The Plasticity of Body Schema in Response to Tool Use
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When I flew a KC-135 StratoTanker, I was the aircraft.
I had a feeling of being that large. It wasn’t just me flying the machine. I was the machine.
You may get this feeling when you drive a car. As you get very good at driving, it is no effort at all to stay in your lane and keep yourself away from other cars. But when you first started, just making sure you kept the car centered in your lane took a lot of brainpower. The words in the previous 2 sentences gives it away. An experienced driver stays in his lane. A new driver is focused on keeping the car centered in the lane. The first is the person/car. The second is all about the car. Do you feel like the car sometimes? If it gets a bump, do you say ouch?
Think of a sport you are very, very good at. After hundreds of hours of practice, doesn’t it feel as if the skis, skates, or even the dribbling ball are an intimate part of you?
When I operated the KC-135 StratoTanker, I was the aircraft. I gingerly taxied around obstacles so my wing tip would not be injured. I knew instinctively how much to pull back and turn the yoke to go exactly where I needed to.
There were a few differences. When I lowered the flap handle, I had to look at the flaps to ensure they dropped. I couldn’t just feel them drop as if I had bent a finger or pointed a toe. Damage to the aircraft was more psychological than a physical pain. But I could feel the effect of the flaps on the aircraft. And psychological pain is still pain.
So, all in all, when I flew a KC-135 StratoTanker, I was the aircraft.
There were days when I would switch out and fly a 7,000 pound supersonic, twin engine T-38 in the morning, and then a four engine 300,000 pound StratoTanker in the afternoon. With the T-38 it felt more like strapping the aircraft to my back. Very much like strapping a parachute on and jumping into the wild blue yonder. With the KC-135, you made an input with the controls and there was always a pause as the lumbering giant reacted and slowly moved where you wanted it to. The T-38 seemed to react with just my thoughts. This was good when flying at 600 knots fingertip formation inches away from your buddies. That is, inches away from your buddies’ aircraft.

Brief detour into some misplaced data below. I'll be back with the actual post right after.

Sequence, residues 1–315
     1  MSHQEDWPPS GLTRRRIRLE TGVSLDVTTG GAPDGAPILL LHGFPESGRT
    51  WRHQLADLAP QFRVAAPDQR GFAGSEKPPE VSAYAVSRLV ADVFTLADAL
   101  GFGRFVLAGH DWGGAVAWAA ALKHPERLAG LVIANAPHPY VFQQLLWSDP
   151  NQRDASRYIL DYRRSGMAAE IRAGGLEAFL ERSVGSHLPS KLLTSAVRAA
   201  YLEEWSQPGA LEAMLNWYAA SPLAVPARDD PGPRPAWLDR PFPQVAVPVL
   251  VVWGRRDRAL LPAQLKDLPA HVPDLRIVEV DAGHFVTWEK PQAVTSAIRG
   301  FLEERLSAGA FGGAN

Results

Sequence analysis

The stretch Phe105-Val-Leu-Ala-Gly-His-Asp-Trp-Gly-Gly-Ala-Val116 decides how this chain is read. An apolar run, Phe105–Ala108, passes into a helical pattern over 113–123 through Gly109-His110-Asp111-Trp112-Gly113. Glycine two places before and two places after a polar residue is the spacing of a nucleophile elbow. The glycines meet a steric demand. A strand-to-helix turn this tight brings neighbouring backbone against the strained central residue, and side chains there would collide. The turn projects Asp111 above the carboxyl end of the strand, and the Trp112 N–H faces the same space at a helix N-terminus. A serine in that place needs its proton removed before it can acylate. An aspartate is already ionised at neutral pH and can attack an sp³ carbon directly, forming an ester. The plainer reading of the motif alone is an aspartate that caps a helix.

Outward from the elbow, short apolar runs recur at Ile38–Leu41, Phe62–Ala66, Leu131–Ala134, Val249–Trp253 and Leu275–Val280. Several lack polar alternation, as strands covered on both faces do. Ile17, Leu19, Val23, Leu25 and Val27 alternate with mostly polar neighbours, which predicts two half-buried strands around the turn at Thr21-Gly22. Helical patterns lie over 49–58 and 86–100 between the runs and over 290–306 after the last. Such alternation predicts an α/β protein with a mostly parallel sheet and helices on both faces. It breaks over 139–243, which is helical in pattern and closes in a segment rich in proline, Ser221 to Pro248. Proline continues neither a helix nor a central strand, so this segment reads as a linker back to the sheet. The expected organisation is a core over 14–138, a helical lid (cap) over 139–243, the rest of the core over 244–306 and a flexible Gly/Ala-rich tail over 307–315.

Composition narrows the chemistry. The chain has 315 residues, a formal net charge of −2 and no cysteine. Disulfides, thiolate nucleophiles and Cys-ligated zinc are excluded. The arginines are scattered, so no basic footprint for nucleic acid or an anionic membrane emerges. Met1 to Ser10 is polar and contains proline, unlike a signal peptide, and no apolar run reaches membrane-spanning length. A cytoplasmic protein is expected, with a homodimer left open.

I found the same feeling of a plastic body schema follow me into another assignment. Although to some extent it was a personal pep talk. In 1998 I was promoted to full colonel in the Air Force. I had found previously that people always noticed a major and lieutenant colonel could not sneak into a room. But a full colonel? That was a whole new level. There was always a flashing red light over your head. Metaphorically speaking.
And then in 1999 I was assigned Reserve Forces Division Chief for the Joint Forces in the Pacific. This was a whole new level of responsibility beyond what I had experienced as a Logistics Center staff officer or an engineering supervisor. I had a $25M budget each year. This was just for the pay for the military personnel that my office was assigning throughout the Pacific Theater on a part time basis to cover critically important work that active duty personnel could not get to. That’s a lot of people and a lot of responsibility.